Static and Dynamic Behavior of Concrete Slabs Reinforced with Chemically Reactive Enamel-Coated Steel Bars and Fibers


In this study, the effect of steel fibers coated with chemically reactive enamel (CRE) on the system response of concrete structures with reinforcing bars has been investigated for the first time. In particular, the ultimate strength, ductility, and failure mechanism of 24 reinforced concrete slabs were experimentally characterized under static and blast loads. CRE coating applied on steel bars reduced the crater area of slabs under blast loads by up to 20%; it slightly increased the strength of slabs and significantly reduced the strength degradation of slabs when increasingly deflected under static loads, making the slabs more ductile. CRE coating applied on steel fibers increased the strength of slabs by up to 16% under static loads. The influence of CRE coating applied on both steel fibers and bars may be taken into account by introducing a coating factor in the range of 0.57 < β < 1.0 in the American Concrete Institute (ACI) development length equation.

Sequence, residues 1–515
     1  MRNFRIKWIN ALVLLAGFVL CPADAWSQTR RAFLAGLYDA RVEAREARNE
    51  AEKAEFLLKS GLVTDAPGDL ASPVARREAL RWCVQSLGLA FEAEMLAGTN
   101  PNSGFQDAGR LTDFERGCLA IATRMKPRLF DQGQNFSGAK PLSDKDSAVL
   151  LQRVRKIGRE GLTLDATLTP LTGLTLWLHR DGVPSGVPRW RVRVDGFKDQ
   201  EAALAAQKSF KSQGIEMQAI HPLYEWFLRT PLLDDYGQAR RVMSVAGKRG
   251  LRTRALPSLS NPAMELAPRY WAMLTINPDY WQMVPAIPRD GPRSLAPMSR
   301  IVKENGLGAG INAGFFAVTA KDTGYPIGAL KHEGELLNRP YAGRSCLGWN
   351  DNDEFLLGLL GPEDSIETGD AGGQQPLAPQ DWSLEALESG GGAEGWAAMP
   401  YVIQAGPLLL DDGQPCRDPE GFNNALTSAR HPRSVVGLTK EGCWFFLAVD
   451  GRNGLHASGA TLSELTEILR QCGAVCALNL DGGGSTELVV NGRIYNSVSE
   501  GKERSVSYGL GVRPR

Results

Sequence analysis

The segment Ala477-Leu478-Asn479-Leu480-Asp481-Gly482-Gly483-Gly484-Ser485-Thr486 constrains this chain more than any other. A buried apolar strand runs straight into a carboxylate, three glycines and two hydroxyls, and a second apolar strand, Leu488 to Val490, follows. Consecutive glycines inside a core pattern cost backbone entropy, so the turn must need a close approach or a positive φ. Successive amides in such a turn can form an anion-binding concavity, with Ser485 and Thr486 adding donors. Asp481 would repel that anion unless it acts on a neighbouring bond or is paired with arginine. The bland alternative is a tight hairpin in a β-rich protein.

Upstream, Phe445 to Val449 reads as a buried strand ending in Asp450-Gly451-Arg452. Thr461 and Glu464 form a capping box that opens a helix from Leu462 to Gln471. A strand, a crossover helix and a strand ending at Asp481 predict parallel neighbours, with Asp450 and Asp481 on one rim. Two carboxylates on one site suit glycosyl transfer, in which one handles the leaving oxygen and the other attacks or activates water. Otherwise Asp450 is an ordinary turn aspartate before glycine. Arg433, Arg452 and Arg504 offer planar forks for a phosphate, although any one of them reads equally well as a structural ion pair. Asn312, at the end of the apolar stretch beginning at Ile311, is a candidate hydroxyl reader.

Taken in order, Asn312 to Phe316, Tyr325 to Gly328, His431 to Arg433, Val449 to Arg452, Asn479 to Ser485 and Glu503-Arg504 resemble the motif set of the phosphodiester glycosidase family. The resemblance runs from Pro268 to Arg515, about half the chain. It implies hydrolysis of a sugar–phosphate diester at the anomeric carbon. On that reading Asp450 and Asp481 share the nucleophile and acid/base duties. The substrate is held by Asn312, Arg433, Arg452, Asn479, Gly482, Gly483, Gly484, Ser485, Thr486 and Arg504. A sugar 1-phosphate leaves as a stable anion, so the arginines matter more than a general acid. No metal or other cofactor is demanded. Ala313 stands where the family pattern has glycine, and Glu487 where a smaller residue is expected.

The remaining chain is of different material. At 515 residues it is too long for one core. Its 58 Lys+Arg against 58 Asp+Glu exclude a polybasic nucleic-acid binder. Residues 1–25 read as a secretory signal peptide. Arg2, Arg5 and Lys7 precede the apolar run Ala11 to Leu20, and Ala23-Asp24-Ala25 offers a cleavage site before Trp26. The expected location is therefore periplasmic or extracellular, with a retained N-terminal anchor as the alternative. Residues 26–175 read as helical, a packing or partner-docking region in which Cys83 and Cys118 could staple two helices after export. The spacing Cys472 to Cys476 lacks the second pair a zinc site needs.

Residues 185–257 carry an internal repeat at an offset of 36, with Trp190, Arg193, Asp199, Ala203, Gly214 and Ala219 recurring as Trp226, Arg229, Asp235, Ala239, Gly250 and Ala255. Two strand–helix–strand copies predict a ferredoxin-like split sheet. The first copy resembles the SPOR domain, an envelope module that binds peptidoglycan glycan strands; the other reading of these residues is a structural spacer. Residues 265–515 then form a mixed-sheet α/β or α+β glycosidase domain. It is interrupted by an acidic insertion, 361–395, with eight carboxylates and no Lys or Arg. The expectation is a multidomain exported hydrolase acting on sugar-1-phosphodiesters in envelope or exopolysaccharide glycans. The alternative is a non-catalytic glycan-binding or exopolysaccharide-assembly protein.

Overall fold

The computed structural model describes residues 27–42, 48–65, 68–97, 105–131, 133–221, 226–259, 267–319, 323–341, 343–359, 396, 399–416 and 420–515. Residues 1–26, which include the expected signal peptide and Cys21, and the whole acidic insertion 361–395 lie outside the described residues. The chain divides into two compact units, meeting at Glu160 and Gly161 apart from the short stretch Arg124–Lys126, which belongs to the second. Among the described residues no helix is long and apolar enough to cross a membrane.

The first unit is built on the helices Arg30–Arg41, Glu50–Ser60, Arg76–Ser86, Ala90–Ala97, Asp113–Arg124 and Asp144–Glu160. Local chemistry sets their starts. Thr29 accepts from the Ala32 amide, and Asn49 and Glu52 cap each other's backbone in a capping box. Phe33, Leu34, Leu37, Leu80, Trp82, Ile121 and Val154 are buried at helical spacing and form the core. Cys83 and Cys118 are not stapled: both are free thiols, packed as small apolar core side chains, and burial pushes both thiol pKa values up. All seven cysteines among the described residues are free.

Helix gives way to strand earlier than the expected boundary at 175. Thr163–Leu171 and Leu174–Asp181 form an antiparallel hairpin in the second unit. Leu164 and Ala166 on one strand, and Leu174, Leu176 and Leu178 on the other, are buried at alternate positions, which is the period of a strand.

Civil, Architectural and Environmental Engineering

Second Department

Mining Engineering

Keywords and Phrases

Chemically Reactive Enamel (CRE) Coating; Bars (Metal); Concrete Slabs; Dynamic Loads; Reinforced Concrete; Reinforced Plastics; American Concrete Institute; Blast Loads; Development Length; Failure Mechanism; Fracture Pattern; Static And Dynamic Behaviors; Strength Degradation; Ultimate Strength; Steel Fibers

International Standard Serial Number (ISSN)


Document Type

Article - Journal

Document Version


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Publication Date

01 May 2016